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Vegetable March through Duvall

  • Written by Heather Stark
It was a march to remember as nearly 500 costumed celebrants joined the March of the Vegetables, ushering in the plants and the growing season.
 
Starting at the Houston Barclay parking lot, Duvall and Carnation participants gathered wagons and floats with everything from children dressed as flowers or veggies, to one brave potato riding a skateboard. Adults carried banners and dressed as vegetation, bees, flowers, or even rain drops. Floats and costumes for the parade are thanks to local artists, art teachers, businesses, and neighborhood groups who provide materials on their own and through parade-sponsored art classes.
 
A police escort led the group through downtown streets ending in Depot Park for music, a bon fire and kids’ activities, including the carrot race. Other booths and activities from the Northwest Arts Center, Oxbow Farms, and Carnation farms, included a honey tasting with the Snoqualmie Valley Bee Keepers, and a chance to create a pocket garden.
 
Bands included Stillwater Hill Bluegrass Band, Devils of Duvall, Duvall Singers and Music Matters. A beer garden serving beer and wine raised $900 for the Lee Grumman Arts Foundation.
 
The event was started to support the local community, farmers and artists, and celebrate the time of year.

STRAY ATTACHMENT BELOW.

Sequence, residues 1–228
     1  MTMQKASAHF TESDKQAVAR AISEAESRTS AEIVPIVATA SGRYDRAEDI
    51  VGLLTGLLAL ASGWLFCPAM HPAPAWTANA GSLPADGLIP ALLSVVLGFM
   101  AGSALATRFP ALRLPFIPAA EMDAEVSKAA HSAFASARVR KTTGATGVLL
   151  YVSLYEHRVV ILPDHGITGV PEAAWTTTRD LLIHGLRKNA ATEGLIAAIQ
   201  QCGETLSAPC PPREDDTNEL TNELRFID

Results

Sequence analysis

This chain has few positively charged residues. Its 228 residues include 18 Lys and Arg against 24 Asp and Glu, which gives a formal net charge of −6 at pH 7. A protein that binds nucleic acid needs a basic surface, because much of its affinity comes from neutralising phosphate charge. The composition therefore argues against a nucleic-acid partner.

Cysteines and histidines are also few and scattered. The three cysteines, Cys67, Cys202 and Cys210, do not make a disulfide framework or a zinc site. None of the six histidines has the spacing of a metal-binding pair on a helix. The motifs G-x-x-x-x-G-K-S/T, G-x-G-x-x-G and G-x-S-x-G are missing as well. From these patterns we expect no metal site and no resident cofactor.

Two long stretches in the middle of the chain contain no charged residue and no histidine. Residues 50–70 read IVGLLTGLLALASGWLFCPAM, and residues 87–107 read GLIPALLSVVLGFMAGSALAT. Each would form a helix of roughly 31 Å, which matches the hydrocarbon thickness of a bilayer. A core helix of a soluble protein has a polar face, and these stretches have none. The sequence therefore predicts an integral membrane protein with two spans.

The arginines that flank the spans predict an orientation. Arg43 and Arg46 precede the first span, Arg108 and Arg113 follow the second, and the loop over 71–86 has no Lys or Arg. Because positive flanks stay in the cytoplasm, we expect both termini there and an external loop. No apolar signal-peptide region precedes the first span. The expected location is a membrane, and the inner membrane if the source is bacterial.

“We all get together to drop all the barriers of uniforms and words and symbols and remember we need one another,” according to organizer Betsy MacWhinney.  “It seemed like everyone had a great time and left happier than when they arrived.”
 
mov groupThe parade of vegetables marches through Duvall to celebrate community (photo by Carol Ladwig).
 
MOV 2 Lucy and Ryan Prepelica of Carnation wanted to be a part of the parade because it was “wonderful and weird” (photo by Heather Stark).
 
bees veggiesArtist Dan Cautrell got a grant to create two fertilizing bees structures to march in the parade (photo by Thomas Clarke).
 
april showers veggiesKelly Rush, aka April Showers, joined the parade of plants to be sure everything can grow properly (photo by Thomas Clarke).

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